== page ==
One of the things I had to provide for my security clearance at my new job is a FULL employment history. Like, everything.

Okay, I thought to myself, that shouldn’t be too hard.

GUYS! I have had a lot more jobs than I thought. I started as a babysitter when I was 11 or 12, but basically, in the last 14 years, I’ve had 14 jobs. And my longest job lasted almost five of those 14. So there was some overlap. Sometimes a lot of overlap.

My employment history includes:

I could NEVER afford this arrangement.
I could NEVER afford this arrangement.

Working as a telephone operator for one of the world’s largest floral delivery companies. At  this job, I had the pleasure of trying to convince men that it was perfectly reasonable to pay $99 for a dozen red roses in a box (not a vase).

Some of them didn’t need any convincing. Some of them ordered two.

“For their moms.”

SIDENOTE: I also got to learn how to arrange flowers at this job, which was cool because the work itself had NOTHING to do with the actual process of arranging. So I have that skill now. Sort of.

If only I worked at one like THIS.
If only I worked at one like THIS.

Working as the box office manager of a local theatre. At this job, I did a lot of computer work, a lot of ticket selling, and a lot of crowd control. I also once had the pleasure of trying to calm a woman who was infuriated to learn (despite many well-placed signs) that she couldn’t re-enter a play after leaving to use the washroom. Then, like a perfectly timed sitcom, a mouse scurried through the lobby and under the doors into the auditorium. I gave her a glass of wine and had to explain to her that the mouse wasn’t re-entering because he wasn’t an audience member.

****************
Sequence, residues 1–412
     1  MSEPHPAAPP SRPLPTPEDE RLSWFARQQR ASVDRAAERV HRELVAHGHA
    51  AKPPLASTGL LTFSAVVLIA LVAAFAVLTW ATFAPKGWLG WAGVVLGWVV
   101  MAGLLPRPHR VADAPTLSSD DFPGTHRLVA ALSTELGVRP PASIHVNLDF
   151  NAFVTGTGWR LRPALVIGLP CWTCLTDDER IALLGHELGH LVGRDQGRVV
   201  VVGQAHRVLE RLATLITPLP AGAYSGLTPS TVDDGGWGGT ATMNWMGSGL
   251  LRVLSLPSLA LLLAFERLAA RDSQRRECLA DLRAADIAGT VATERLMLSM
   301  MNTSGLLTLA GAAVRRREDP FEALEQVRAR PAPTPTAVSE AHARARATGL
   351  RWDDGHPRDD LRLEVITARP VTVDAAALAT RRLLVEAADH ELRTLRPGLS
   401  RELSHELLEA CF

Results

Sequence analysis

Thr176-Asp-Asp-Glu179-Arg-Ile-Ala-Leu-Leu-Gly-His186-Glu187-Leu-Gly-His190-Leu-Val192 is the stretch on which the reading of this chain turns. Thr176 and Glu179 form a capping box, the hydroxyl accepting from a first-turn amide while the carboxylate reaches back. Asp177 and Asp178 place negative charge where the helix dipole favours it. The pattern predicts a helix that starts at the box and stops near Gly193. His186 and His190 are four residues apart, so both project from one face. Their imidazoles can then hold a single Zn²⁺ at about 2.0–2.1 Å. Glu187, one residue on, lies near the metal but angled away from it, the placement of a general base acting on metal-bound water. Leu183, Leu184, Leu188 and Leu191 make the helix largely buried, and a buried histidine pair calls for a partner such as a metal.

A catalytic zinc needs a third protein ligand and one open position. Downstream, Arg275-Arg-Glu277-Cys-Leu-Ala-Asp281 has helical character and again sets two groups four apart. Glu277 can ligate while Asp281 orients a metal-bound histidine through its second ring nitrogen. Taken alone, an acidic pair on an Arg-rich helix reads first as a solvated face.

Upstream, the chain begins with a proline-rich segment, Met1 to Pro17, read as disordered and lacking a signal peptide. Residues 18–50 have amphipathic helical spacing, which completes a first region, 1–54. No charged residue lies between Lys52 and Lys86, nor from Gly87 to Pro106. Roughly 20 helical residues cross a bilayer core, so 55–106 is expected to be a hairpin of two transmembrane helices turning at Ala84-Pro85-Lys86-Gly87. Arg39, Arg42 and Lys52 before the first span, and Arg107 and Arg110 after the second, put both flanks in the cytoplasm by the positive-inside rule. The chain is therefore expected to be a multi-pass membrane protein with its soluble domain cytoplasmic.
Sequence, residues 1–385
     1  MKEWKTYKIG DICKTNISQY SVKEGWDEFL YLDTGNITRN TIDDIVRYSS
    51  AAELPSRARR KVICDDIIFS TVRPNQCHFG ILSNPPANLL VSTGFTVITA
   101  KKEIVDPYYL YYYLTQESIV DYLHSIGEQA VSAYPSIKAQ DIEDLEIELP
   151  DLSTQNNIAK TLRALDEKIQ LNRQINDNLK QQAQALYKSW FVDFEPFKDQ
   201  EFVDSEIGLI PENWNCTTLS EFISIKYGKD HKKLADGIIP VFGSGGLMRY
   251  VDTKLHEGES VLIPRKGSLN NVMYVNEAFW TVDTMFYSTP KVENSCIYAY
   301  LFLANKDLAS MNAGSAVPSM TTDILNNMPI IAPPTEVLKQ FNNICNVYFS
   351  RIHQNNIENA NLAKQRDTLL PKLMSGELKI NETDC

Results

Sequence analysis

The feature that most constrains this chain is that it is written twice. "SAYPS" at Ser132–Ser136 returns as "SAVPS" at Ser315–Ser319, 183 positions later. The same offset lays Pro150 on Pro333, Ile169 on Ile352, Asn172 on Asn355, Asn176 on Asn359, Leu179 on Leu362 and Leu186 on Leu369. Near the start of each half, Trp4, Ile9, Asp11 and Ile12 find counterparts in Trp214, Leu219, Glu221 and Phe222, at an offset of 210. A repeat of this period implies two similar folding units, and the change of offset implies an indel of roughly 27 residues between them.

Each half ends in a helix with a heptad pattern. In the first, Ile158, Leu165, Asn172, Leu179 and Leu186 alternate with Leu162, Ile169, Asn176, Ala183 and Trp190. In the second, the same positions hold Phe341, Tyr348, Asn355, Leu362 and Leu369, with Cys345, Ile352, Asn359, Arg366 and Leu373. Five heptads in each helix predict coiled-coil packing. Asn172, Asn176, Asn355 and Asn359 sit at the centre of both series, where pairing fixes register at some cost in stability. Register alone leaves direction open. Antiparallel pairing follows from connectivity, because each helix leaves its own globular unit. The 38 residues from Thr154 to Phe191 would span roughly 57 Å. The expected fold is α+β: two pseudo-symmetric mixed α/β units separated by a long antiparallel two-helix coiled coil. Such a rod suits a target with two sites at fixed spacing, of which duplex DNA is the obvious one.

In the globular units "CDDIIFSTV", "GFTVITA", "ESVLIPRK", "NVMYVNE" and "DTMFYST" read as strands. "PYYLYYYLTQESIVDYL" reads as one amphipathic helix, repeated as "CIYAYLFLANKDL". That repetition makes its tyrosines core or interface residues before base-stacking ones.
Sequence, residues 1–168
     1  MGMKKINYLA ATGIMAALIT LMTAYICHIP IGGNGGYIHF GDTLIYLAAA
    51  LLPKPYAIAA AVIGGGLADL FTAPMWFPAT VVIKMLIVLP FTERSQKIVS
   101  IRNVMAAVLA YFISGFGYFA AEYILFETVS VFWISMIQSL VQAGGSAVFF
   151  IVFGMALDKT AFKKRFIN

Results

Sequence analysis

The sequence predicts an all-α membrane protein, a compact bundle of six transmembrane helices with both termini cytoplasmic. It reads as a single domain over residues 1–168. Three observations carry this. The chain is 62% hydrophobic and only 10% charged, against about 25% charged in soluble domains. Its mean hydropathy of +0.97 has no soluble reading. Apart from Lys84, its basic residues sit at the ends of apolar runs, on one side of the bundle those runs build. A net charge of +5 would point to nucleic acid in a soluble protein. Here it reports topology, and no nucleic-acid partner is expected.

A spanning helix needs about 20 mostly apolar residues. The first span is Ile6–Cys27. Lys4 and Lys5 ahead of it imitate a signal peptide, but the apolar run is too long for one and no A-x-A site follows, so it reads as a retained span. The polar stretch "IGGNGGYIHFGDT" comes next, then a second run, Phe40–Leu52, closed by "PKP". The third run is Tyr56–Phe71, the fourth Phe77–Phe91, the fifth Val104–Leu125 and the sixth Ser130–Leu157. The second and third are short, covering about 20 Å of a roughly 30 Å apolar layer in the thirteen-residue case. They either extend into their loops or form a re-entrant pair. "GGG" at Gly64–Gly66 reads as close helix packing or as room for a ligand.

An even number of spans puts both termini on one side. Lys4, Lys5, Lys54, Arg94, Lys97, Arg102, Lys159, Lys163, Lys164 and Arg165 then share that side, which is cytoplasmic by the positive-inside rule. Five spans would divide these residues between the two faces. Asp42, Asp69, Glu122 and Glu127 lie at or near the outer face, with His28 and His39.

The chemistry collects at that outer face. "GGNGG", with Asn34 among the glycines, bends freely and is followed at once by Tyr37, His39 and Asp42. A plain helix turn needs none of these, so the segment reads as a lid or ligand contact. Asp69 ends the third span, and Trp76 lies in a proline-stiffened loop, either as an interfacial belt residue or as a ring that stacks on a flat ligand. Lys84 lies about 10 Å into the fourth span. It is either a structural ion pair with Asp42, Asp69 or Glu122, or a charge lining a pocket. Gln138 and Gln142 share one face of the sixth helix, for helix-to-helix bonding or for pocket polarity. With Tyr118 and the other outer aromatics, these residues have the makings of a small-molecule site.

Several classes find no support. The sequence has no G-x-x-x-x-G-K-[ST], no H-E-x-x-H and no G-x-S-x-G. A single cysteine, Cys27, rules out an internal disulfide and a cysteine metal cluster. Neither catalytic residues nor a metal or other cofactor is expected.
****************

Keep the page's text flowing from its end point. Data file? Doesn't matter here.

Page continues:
SIDENOTE: I also got to work to discover that the toilets in the ladies washroom had flooded, and spent over an hour mopping up toilet water with my coworker once. And I still totally loved the place.

If only I had done more of this...
If only I had done more of this…

Working as a “writer” (see: as a personal assistant to a writer) at a communications company. At this job, I began with some small copywriting jobs, then moved into house-sitting, chauffeuring, and then gardening (yeah.) I once had the pleasure of putting the hours I spent cleaning a flooded basement on my timesheet.

SIDENOTE: Don’t get me started.

I’ve also: worked at a scrapbooking supply company with a lot of nice paper at it; worked as a special needs aide at a preschool with a lot of three and four year olds; worked as a freelancer at an online magazine that will never pay off; worked at LUSH Cosmetics and always smelled AMAZING; and many, many others.

But you know, I have to say, I’ve learned at least one (if not a million) useful things from every job I’ve ever had, and in looking at my job history as a whole, I have learned the following:

First, that I still need to work as a server at least once before I die, because I hear that’s a life experience everyone should have.

And also that I am either:

(A) A job whore.

(B) An overachiever.

(C) A broke-ass post-student.

(D) All of the above.

And you?

xA

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